Last month, Jayson Musson, an artist best known for his YouTube performances as the droll hip-hop art critic Hennessy Youngman (“a.k.a. the pedagogic pimp”), issued an open call for a show at a tiny storefront called Family Business that had just opened amid the grand name-brand galleries of Chelsea. “Anyone, and I mean anyone, bring their work down. Bring the fucking family couch,” he said. “Bring big-ass paintings, little-ass paintings, things you painted in 1998 which is ugly as fuck … you got big-ass sculpture you want to show that won’t fit through the door, bring it down and we’ll just cut that bitch in half and reattach it when it’s back inside.”
Youngman is a vaguely Ali G–like character, though without the tightly wound British vindictiveness: He’s stoner sly, and up until a year or so ago was pretty much unknown. But his video invitation, which was viewed almost 25,000 times, spoke to art insiders and those who aspired to be—a crowd whose celebrities are art stars, power curators, and career-making gallerists. “Now, as some of you may know, Internet, the boy Maurizio Cattelan and Massimiliano Gioni have opened up a new exhibition space,” he said, wearing a cap with Pluto’s face on it, to which he’d affixed a strawlike mess so that it looked like a bowl of pasta had been dumped on his head. “Which is situated next to the motherfucking Gagosian on 21st Street.”
The boy Cattelan, 51, is an artist who, in the fall, had a career retrospective of his ironic, iconic art at the Guggenheim Museum. Gioni, 38, is the top curator at the New Museum and was recently named to run next year’s Venice Biennale, which makes him, in this world, a tastemaker’s tastemaker. “They’re bosom buddies. Top of the food chain,” says Musson, when I visit him while he’s trying to hang the nearly 500 oddball, often porn-y works of art that spilled out onto the sidewalk (and yes, someone brought a sofa). “With Maurizio’s affiliation with it, since he’s sort of a clown, I thought it would be funny to do something ridiculous or something doomed to fail.”
But there’s a yearning behind this clowning. For Cattelan and Gioni, Family Business is an earnest prank, an altruistic carnival. Cattelan and Gioni are both known for their sense of humor and felicity with publicity. But their days of hanging out looking at art together, as outsiders, are long since over, and it’s difficult to thumb your nose at the art-world Establishment when you’ve been embraced by it.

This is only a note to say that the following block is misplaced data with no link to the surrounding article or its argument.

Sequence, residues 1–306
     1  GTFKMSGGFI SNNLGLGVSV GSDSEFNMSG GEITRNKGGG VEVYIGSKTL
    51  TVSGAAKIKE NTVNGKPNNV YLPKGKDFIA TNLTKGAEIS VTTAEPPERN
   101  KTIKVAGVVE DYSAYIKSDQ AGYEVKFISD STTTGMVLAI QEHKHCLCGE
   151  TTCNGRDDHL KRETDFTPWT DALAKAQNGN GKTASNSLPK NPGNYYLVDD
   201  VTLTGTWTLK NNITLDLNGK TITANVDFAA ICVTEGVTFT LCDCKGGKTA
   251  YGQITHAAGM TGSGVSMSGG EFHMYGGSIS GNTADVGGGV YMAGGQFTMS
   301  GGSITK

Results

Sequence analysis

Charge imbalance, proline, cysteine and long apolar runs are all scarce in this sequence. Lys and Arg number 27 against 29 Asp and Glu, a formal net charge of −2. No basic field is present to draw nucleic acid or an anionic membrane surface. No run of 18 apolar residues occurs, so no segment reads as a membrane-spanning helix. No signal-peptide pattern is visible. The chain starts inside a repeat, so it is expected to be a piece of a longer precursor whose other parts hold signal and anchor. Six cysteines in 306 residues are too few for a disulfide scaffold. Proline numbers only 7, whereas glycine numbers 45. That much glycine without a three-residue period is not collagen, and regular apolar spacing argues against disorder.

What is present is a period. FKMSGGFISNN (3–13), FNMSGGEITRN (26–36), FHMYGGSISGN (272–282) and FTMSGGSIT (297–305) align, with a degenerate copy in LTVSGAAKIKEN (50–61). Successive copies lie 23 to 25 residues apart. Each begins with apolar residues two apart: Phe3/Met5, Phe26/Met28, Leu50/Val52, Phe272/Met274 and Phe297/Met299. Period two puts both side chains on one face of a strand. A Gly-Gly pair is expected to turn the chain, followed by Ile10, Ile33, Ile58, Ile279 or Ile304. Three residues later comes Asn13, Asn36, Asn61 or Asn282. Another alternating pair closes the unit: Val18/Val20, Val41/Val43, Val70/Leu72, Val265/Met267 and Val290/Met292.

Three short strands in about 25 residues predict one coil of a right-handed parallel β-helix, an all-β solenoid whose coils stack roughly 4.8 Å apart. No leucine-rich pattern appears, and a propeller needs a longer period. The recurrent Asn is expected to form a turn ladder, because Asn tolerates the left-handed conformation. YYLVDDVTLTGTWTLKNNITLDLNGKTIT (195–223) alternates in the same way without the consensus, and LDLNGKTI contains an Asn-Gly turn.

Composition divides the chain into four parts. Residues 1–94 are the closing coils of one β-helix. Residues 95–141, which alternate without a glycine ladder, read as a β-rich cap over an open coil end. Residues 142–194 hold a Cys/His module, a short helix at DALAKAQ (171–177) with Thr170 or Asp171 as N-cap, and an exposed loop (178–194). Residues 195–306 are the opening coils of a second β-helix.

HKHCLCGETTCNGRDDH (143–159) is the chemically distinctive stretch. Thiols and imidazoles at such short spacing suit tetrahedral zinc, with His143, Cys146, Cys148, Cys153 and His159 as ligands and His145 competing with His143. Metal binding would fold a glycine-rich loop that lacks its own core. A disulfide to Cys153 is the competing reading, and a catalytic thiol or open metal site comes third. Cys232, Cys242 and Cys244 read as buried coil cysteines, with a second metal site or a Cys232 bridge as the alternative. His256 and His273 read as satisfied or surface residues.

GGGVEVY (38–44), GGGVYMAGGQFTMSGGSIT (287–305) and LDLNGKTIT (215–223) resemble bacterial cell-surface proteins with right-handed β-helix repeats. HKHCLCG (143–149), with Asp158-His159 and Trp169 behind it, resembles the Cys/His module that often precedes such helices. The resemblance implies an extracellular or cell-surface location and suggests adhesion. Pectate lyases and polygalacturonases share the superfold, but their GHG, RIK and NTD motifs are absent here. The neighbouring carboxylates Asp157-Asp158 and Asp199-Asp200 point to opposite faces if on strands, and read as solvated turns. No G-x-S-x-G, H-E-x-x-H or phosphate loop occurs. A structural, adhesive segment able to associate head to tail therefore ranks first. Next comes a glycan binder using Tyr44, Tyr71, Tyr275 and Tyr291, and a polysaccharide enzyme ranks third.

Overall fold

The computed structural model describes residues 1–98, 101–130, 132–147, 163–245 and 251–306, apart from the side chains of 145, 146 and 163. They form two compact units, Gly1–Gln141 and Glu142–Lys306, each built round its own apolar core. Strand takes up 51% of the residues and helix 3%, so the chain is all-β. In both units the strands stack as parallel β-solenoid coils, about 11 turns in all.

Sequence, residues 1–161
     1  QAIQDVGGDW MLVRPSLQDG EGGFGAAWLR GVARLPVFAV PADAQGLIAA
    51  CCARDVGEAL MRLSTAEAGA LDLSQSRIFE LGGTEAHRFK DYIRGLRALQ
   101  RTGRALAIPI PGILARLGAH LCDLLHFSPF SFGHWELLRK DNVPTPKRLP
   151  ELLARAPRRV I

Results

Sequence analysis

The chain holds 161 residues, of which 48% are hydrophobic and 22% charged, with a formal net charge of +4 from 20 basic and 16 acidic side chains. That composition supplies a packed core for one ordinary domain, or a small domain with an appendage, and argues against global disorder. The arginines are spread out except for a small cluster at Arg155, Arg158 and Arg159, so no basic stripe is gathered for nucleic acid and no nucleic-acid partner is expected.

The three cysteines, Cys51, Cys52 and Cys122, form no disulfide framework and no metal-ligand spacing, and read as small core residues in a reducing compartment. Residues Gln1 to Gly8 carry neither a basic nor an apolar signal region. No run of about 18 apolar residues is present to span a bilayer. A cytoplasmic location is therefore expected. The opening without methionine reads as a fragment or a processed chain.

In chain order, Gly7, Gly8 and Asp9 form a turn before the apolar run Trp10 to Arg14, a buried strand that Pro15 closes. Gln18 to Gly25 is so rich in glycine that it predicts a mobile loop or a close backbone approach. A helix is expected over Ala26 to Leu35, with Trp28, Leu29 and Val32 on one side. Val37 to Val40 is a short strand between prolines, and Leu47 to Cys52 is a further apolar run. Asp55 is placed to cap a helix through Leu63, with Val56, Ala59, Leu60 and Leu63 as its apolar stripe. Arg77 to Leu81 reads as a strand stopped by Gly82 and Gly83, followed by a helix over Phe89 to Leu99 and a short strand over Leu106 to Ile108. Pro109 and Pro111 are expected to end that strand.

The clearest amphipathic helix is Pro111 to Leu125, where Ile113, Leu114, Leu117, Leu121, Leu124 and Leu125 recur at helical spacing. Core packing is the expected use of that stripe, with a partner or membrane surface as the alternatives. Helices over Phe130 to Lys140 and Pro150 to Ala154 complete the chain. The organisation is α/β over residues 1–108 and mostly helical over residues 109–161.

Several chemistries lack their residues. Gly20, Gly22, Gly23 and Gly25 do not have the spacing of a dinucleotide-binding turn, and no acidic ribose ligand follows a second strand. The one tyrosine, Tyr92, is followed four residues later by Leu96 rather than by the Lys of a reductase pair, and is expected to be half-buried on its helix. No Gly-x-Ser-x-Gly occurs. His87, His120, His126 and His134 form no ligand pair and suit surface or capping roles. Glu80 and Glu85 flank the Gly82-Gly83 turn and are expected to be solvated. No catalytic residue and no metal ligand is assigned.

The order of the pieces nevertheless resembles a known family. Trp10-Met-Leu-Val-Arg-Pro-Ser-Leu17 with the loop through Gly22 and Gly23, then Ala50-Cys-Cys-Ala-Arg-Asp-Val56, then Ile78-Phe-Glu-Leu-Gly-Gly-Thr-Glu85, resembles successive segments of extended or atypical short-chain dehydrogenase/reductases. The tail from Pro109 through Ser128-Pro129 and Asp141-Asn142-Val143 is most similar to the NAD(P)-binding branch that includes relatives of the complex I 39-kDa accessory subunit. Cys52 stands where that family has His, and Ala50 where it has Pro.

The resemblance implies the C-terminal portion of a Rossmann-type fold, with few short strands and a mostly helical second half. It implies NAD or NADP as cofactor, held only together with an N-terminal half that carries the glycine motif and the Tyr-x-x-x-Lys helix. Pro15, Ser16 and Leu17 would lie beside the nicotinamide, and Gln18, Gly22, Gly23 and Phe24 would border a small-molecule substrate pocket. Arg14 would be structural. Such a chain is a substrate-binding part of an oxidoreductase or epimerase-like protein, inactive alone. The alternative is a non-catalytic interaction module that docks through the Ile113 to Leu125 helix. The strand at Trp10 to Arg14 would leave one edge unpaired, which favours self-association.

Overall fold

Boxed out by his own success, Cattelan—whose works sell for millions—decided to retire after the Guggenheim show. Making art wasn’t as much fun anymore, it seems. In December, he persuaded Gioni to go in with him on a new venture, Family Business. It’s not exactly a business—it doesn’t sell work—but a working monument to a way of doing business that got them to where they are: a small mafia of subversive co-conspirators. Unlike, say, the branch office of Gagosian next door—the global Goldman Sachs of the art world, where everything is exactingly vetted for collector value—it’s designed for them not to be directly involved at all, at least on the curating level. As an experimental space fueled by their own blue-chip reputations, it’s in many ways an act of optimistic nostalgia—an effort to recapture their outsider status, or at least give them access to that of others. And designed to be hijacked by those outsiders, who want what they have. While they watch, amused.
“Oh, you want to hear the whole legend,” says Gioni. We’ve met for dinner at Tenth Avenue’s Cookshop, the hectically slick gallery-district cafeteria. It took some back and forth with his busy schedule to get both him and Cattelan here.
Both Gioni and Cattelan grew up working-class Italians, though Gioni is the more educated of the two (he loves Sonic Youth and can recite by heart the dissociative Dadaist text Manifesto of Mister Antipyrine). He met Cattelan when interviewing him for the magazine Flash Art in 1997. Cattelan’s career was beginning to take off then (a project he was conceiving at the time: having people wearing oversize Picasso heads hang out at the Museum of Modern Art), and he asked Gioni to do a radio interview, pretending to be him. “He said, ‘I’ll give them your number, and they’ll call you.’ And then it kind of escalated. It started as a form of problem solving. He didn’t like to talk; I guess I like to talk too much,” Gioni says, laughing. The role-playing was meant to undermine certain expectations of what is real, but Gioni’s explanations of Cattelan’s often very weird and vaguely allegorical art (like a sculpture of an elephant in a Klan uniform) helped give it a certain seriousness. The alliance made Gioni well known and Cattelan more easily comprehensible. “He was more famous, so it became some sort of propaganda for me,” Gioni says, smiling. “It was very hard. I had to make two names for myself, my own and his.” He laughs.